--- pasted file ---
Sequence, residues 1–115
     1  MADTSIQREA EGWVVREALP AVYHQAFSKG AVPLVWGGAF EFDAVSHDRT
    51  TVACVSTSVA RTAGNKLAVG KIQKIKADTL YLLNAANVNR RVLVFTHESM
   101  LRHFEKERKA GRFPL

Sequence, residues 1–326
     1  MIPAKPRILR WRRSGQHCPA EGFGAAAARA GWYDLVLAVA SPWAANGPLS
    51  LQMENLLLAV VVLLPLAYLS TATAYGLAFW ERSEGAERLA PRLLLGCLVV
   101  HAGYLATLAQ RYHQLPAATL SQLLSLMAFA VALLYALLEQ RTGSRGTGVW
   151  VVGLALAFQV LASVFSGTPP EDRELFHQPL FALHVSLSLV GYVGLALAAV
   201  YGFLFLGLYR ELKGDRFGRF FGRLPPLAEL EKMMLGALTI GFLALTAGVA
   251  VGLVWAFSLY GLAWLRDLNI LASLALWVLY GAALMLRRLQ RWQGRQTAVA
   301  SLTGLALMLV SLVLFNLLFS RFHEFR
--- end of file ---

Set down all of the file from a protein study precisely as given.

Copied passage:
Sequence, residues 1–115
     1  MADTSIQREA EGWVVREALP AVYHQAFSKG AVPLVWGGAF EFDAVSHDRT
    51  TVACVSTSVA RTAGNKLAVG KIQKIKADTL YLLNAANVNR RVLVFTHESM
   101  LRHFEKERKA GRFPL

Sequence, residues 1–326
     1  MIPAKPRILR WRRSGQHCPA EGFGAAAARA GWYDLVLAVA SPWAANGPLS
    51  LQMENLLLAV VVLLPLAYLS TATAYGLAFW ERSEGAERLA PRLLLGCLVV
   101  HAGYLATLAQ RYHQLPAATL SQLLSLMAFA VALLYALLEQ RTGSRGTGVW
   151  VVGLALAFQV LASVFSGTPP EDRELFHQPL FALHVSLSLV GYVGLALAAV
   201  YGFLFLGLYR ELKGDRFGRF FGRLPPLAEL EKMMLGALTI GFLALTAGVA
   251  VGLVWAFSLY GLAWLRDLNI LASLALWVLY GAALMLRRLQ RWQGRQTAVA
   301  SLTGLALMLV SLVLFNLLFS RFHEFR